Today in 1962, US Patent 3044879 A was issued, an invention of William C. Herwig, Thomas L. Kissel, and Gilbert H. Koch, assigned to Miller Brewing, for his “Anactinic Malt Product and Hop Extract Therefor.” There’s no Abstract, although in the description it includes these claims:
This invention relates to manufacture of anactinic malt beverages such as beer and ale, and to intermediate products.
It is well known that beer and ale and similar malt beverages are produced from water, barley malt, adjuncts and hops. The malt and adjuncts furnish the carbohydrates and other growth essentials which make up the wort. This wort, boiled with hops, in turn forms the basic substance for fermentation in the fermenting tanks. The hops give the characteristic bitter flavor and pleasant aroma to the beer. They assist in preserving the beer and improve its foam holding capacity.
Unfortunately, beer and ale and other similar malt beverages are not stable to light. Light of both visible and-invisible wave lengths affects them adversely producing actinic damage in the form of a characteristic skunky odor. Such a beer is commonly known as light struck. The actinism is caused by chemical changes, producing compounds probably mercaptans in nature. Tests show that the olfactory threshold level of odoriferous compounds of this character is very low, in the range of a few parts per billion. This shows clearly the acute nature of the problem. 7 Many efforts have been made in the past to overcome this difficulty. Much time has been expended on packaging of beer and ale to exclude light. Colored bottles have been used and opaque packages are common. It is not uncommon to label them Do Not Expose to Light.
To compete with modern day merchandising, a malt beverage has to be removed from the case and put on the shelf, or at least a portion of the container is exposed for easy vision and access. Modern reach-in coolers have clear glass windows and fluorescent lights which aggravate the problems. Even canned beer or keg beer can be adversely affected by sunlight if, as is usually the’ case, it is drunk from a glass. glass to direct sunlight for a short a time as a few minutes will result in the impairment of the taste and production of the characteristic skunky odor. Beer at picnics and sporting events is often exposed for hours to direct sunlight. In such cases, the deleterious effects can be very marked.
q We have discovered a way to overcome the hazard of product exposure to light which forms the basis of our invention, and have thereby achieved a substantially anactinic malt beverage. The term anactinic is intended The exposure of beer in the 3,044,879 Patented July 17, 1962 bitterness in the finished product, but eliminate the photoactive elements thereof.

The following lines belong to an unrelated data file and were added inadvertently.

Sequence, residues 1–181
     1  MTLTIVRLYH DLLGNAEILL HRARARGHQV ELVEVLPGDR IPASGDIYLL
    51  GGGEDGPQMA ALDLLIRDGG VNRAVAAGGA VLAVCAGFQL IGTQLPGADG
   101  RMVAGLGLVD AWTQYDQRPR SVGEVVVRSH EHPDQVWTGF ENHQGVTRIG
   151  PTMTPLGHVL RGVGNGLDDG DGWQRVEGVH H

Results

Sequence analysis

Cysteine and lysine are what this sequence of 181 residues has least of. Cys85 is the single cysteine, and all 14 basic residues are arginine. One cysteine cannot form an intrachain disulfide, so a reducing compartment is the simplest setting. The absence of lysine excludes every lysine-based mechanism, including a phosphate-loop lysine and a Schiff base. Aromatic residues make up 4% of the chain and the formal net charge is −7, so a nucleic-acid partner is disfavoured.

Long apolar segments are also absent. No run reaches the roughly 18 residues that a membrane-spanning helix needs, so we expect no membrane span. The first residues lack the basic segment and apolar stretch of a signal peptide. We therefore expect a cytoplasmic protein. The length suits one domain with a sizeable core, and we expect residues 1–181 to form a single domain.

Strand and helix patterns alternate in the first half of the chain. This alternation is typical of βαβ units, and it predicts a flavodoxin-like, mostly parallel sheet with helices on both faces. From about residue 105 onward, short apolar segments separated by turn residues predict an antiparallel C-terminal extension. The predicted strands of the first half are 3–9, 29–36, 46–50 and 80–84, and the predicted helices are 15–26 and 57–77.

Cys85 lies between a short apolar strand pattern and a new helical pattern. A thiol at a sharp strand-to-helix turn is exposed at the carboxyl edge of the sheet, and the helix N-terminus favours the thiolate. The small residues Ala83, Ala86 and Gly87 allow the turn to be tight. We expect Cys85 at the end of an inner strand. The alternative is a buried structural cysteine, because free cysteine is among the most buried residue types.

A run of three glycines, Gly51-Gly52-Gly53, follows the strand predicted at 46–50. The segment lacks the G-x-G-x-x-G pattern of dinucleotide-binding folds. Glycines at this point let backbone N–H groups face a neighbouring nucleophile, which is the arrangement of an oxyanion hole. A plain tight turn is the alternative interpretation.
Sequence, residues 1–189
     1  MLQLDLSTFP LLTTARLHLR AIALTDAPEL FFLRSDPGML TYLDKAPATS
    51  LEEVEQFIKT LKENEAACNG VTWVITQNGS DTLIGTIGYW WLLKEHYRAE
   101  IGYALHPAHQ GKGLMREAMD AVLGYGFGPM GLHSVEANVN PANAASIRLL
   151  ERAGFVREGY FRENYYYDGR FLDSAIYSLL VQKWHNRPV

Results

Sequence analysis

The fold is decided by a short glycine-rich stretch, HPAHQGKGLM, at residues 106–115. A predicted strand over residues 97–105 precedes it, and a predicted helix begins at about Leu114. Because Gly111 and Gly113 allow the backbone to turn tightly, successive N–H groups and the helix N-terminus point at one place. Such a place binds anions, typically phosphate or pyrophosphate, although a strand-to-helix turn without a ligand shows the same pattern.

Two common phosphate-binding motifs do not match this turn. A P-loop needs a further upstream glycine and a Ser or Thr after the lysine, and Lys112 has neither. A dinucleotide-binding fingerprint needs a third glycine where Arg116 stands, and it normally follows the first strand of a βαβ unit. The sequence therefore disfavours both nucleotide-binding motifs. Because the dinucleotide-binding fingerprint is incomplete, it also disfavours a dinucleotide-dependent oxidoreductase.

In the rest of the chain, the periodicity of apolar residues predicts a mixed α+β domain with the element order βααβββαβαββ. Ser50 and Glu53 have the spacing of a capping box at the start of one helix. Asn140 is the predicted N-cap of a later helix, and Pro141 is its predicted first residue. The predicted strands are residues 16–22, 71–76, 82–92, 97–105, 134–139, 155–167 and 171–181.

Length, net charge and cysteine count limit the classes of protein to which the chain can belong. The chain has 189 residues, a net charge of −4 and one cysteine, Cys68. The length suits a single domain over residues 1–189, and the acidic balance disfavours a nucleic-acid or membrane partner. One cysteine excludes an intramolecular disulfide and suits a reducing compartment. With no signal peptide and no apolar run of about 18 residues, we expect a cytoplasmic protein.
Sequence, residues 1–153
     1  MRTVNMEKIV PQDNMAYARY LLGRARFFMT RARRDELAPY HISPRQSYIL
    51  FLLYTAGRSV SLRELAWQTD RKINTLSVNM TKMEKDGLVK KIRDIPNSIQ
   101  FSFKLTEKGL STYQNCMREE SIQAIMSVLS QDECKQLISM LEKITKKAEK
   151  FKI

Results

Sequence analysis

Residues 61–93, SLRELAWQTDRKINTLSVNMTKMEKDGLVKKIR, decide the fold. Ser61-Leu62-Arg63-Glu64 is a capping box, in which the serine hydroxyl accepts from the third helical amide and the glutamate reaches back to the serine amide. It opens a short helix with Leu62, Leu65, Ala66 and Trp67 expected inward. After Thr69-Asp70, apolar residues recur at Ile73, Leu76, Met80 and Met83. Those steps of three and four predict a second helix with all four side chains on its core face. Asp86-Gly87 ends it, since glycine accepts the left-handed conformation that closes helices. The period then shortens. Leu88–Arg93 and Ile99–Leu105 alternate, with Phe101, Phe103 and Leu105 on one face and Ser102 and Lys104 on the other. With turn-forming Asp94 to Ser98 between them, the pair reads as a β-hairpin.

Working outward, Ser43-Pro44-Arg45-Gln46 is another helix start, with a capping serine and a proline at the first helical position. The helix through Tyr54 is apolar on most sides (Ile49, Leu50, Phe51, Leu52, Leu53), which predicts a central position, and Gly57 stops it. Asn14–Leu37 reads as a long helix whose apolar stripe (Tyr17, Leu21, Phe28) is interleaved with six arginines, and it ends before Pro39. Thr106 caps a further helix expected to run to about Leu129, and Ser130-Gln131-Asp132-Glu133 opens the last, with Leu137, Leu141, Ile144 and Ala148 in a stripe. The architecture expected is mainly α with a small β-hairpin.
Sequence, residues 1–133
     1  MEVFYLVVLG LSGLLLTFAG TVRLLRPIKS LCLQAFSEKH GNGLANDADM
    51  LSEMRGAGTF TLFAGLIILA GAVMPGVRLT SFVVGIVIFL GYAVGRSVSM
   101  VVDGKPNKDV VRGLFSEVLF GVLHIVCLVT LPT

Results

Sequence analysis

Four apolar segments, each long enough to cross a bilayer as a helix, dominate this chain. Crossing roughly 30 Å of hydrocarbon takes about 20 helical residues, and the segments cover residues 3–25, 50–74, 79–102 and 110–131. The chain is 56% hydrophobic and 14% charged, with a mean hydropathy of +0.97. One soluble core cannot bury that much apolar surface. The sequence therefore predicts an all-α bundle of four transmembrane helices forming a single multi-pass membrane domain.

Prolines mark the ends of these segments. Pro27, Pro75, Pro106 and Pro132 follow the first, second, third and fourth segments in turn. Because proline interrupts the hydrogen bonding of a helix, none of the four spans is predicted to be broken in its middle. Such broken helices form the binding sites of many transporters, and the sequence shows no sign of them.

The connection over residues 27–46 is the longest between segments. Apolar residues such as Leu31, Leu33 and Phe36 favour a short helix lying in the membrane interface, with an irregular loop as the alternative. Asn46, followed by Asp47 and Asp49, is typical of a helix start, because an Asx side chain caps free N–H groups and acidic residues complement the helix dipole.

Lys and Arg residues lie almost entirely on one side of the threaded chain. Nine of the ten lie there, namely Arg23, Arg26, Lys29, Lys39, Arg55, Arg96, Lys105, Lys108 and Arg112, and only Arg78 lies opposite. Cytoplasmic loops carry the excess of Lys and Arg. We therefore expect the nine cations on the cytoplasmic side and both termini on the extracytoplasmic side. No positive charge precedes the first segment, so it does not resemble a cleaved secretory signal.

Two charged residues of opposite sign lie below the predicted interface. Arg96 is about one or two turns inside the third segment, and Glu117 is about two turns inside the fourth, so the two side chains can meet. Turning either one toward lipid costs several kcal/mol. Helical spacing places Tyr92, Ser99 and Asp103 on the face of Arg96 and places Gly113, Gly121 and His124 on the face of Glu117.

A still further object of the, present invention is to provide a method of treating hop extract in the presence of a reducing agent to provide a concentrated product having particular application in malt beverages production, whereby its use will not affect the desired characteristics of the beverage, but will eliminate photoactive elements therein.
The soft resins and oils, which are contained in the glands produced on the hops and known as lupulin glands, are valuable constituents of the hops as used ,in the brewing process. The soft resins consist principally of (a) the alpha acids, (b) the beta acids, and (c) the uncharacterized soft resins. The alpha acids are known as humulones and the beta acids are known as lupulones. The alpha acids are the source of antiseptic and bitter substances in beer. The beta acids or lupulones have low solubility in kettle wort and beer, thus do not appreciably enter into the brewing process.
It is known that chemical changes are made in the humulones during brewing resulting in the compounds known :as isohumulones, i.e. isohumulone, isocohumwlone, isoadhurnulone, and isoprehumulone. These isocompounds are formed in the kettle during the boiling stage of the brewing process, and we have discovered that these compounds are the ones that cause the beer to become sensitive to light in the presence of sulfhydryl comhumulone, and prehumulone, is isomerized to the corresponding isohumulones. It is known that during the isomerization of the humulones to isohumulones, a new side chain is formed which now contains a carbonyl group.
It is these isohumulones-isohumulone, isocohumuloue isoadhumulone, and isoprehumulone which we have found to be involved in the photochemical reaction with sulfhydryl compounds to produce the ‘actinic damage resulting in the characteristic light struck aroma.
to succinctly describe a beverage which will not be subject to actinic damage. The word is herein coined and is derived from the word -actinic plus the prefix an, meaning not. This is the Greek equivalent to the Latin in and consists of alpha privative plus nu movable.
We have found that three factors are necessary for the reaction causing malt beverages. to become light struck. They are photo energy in the wave length region of 1,000 to 10,000 angstroms, a sulfhydryl bearing compound, and a chemical component derived from the raw materials, hops, during the brewing process.
The primary object of the invention is to provide a hop extract and malt beverage that is stable to light and will not produce unpleasant olfactory characteristics.
A further object of the invention is to so treat the hops in malt beverages so as to retain the aroma, bouquet and We are of the belief that when the isohumulones are group can be altered by means of reduction to a secondary alcohol, and by such alternation, be prevented from reacting with the sulfhydryl groups normally present in beer components.